I’m only 20.
A youngster, not terribly long out of high school.
It’s only been three years since I played any kind of sport.
It actually feels like it’s been decades.
But I’m only 20.
Fun fact about me — I have been dragged through the journey of hospital visits, doctor’s appointments, scans, blood tests, the whole kit and caboodle.
A never-ending cycle of pain, medications and questions since I was 7 for a diagnosis still unconfirmed to this day.
Oh, the joys of chronic pain ramping up as you age.
I’ve had week-long trips to the hospital. The urgent doctor department and ED love me (not) and I’m still just completely unsure of what’s going on.
I wanted to continue women’s football outside of high school. Even socially, just as a way to keep the old bones rattling around a sports field of some sort. But it’s been a difficult mission.
Feeling like an oldie in a youngling’s body, I decided I wouldn’t bother putting myself through the consequences of night-time pain and sobbing until I had some sort of solution to my issue.
I’m now 20.
There was no way I’d continue sitting around on my behind waiting for a diagnosis. Some office banter with my co-worker Rozel sparked a searing desire in the back of my head.
‘‘Should we play netball this year?’’
Of course we laughed like maniacs about the idea of us cracking on, slipping over or colliding with our opponents on a shiny indoor netball court in the Cross Recreation Centre.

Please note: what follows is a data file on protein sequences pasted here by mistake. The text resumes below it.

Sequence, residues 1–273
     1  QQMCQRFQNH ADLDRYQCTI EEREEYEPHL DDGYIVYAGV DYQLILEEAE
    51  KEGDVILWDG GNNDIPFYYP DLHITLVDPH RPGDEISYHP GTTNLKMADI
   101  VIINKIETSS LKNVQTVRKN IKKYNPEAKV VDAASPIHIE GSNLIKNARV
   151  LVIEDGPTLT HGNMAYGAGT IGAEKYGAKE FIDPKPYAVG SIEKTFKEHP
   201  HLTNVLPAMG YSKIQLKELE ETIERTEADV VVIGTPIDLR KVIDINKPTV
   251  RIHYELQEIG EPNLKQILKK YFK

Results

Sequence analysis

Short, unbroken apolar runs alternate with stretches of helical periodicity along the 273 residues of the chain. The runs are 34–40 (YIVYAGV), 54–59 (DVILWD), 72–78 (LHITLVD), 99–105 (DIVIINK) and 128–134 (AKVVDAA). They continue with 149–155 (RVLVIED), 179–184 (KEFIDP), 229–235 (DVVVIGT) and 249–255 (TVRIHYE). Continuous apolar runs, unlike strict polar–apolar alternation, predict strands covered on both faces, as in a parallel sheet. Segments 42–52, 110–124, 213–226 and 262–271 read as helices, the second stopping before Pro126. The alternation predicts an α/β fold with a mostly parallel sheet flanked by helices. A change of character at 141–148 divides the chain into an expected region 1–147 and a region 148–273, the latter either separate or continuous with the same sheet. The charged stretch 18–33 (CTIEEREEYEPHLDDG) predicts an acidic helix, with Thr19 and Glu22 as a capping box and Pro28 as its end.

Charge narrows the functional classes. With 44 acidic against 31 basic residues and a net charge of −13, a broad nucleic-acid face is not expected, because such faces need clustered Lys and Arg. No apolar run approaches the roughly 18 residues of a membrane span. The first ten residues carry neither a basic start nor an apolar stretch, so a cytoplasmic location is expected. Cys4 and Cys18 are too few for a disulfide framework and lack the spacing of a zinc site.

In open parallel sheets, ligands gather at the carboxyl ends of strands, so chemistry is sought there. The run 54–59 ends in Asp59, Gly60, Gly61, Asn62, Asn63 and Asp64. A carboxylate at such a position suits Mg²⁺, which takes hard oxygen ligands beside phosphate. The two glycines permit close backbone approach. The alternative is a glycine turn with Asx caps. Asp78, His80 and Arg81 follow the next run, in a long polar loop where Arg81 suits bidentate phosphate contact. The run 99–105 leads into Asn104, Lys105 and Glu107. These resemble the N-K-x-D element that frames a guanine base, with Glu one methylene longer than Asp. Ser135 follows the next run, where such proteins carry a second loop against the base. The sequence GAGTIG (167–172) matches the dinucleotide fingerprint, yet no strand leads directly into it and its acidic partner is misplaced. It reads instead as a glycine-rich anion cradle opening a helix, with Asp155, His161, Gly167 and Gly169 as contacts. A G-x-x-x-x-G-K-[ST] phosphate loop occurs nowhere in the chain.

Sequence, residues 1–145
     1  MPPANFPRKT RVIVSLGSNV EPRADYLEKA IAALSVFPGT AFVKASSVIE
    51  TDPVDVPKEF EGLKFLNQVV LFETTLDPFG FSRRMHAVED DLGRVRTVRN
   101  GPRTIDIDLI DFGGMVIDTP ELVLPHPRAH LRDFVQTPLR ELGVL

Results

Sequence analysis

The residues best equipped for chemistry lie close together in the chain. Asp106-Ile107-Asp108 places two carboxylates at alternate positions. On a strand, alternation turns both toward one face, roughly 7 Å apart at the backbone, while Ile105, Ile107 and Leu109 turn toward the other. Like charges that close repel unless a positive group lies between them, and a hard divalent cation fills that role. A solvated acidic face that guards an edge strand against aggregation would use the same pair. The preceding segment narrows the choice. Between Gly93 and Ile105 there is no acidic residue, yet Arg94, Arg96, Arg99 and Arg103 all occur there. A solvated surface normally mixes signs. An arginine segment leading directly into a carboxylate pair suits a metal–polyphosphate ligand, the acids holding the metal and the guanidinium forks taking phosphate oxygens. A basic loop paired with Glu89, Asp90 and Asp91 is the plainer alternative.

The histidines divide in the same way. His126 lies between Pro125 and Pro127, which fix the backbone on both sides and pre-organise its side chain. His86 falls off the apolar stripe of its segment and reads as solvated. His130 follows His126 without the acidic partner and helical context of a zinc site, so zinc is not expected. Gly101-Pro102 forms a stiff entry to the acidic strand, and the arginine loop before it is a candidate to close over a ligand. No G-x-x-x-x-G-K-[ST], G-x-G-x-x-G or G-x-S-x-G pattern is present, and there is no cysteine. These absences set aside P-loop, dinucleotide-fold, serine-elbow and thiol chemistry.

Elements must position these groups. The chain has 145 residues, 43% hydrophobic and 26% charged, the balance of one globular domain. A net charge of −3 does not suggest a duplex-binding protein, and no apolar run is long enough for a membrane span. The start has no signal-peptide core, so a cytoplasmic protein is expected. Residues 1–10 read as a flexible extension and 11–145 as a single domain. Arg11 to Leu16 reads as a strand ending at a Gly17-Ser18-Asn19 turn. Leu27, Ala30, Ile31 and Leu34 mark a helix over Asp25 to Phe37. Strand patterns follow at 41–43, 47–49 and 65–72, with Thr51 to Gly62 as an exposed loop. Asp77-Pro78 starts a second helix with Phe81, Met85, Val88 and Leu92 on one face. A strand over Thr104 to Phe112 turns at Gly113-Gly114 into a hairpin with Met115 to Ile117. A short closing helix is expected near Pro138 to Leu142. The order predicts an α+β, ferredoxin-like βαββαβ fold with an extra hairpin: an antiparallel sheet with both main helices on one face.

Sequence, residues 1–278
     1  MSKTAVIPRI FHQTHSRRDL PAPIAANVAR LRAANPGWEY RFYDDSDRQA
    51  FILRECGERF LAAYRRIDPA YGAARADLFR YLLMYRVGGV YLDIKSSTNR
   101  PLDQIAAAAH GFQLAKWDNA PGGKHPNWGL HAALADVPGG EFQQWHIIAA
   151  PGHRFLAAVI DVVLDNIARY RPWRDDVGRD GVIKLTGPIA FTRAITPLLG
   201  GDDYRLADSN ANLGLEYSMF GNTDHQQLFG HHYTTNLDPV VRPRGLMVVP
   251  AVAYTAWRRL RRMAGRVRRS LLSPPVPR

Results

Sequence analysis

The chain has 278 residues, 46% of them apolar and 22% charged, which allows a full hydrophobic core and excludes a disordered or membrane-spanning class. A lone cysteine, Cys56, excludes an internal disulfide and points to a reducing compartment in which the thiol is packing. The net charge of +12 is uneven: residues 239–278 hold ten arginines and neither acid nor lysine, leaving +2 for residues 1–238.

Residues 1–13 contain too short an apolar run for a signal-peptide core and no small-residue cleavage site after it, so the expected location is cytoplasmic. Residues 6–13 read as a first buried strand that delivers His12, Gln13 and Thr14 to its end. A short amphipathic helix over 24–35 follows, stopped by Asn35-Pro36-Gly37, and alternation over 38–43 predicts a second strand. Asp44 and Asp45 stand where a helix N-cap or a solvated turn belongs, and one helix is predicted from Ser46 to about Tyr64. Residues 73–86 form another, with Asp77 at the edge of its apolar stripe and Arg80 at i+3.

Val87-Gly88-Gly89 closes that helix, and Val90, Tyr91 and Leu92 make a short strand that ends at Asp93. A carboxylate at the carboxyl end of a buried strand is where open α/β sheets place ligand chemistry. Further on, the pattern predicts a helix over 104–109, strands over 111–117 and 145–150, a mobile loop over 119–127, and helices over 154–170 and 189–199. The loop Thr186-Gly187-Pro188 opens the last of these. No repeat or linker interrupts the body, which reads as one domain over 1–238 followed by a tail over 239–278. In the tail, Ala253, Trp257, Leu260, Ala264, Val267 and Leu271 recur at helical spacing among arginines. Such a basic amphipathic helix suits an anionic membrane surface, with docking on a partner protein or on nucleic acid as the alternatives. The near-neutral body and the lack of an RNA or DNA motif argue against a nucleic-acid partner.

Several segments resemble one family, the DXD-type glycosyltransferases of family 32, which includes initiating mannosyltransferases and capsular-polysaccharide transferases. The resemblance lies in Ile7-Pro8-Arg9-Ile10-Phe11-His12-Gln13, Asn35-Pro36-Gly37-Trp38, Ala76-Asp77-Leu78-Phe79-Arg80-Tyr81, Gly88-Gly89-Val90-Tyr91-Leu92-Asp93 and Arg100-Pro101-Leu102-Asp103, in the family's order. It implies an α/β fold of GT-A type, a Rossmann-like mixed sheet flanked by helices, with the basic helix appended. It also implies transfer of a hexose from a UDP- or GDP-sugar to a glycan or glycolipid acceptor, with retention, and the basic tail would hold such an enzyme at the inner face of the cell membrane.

Why not? I’m only 20.
I needed the exercise.
So stepping out on to a netball court for the first time since I was 15, I was riddled with anxiety. AND I was already puffed by 20 minutes of warm-up exercises, but that’s beside the point.
The entire time, I felt the urge to up and leave.
I had been doing OK medically, but I knew from Wednesday’s practice the exercise was going to affect my legs.
My black sneakers, which I swear had been hiding in my closet from me since high school, connected with the dynapoint flooring inside the centre as I jittered nervously for the beginning of our grading games.
When the first whistle blew, I knew why I hadn’t backed out.
Pure exhilaration fired through my body, and I couldn’t remember why I had freaked myself out at all.
The first game as an established team, a lot of my new team-mates were feeling the burn.
But every single one of them had smiles on their faces.
I, for one, hurt like hell, and definitely listened to my body.
But those first few small grading games were the start of something I didn’t know I missed so much.
Go Black Gold.